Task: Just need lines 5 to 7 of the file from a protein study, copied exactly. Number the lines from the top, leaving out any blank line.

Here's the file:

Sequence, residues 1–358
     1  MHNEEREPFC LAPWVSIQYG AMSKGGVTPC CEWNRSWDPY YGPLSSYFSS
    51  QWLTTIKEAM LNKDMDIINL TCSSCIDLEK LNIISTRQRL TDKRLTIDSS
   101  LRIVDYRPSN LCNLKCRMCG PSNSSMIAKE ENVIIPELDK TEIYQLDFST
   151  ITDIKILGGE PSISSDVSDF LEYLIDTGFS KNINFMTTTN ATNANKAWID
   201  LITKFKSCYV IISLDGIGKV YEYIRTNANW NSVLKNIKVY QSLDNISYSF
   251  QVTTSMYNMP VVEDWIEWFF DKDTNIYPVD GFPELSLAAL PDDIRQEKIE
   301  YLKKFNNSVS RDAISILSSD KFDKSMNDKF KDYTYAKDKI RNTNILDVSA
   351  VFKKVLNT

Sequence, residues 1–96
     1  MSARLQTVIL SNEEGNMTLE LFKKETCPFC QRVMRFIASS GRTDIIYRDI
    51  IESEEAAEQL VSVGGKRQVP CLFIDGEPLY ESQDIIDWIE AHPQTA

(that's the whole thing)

   151  ITDIKILGGE PSISSDVSDF LEYLIDTGFS KNINFMTTTN ATNANKAWID
   201  LITKFKSCYV IISLDGIGKV YEYIRTNANW NSVLKNIKVY QSLDNISYSF
   251  QVTTSMYNMP VVEDWIEWFF DKDTNIYPVD GFPELSLAAL PDDIRQEKIE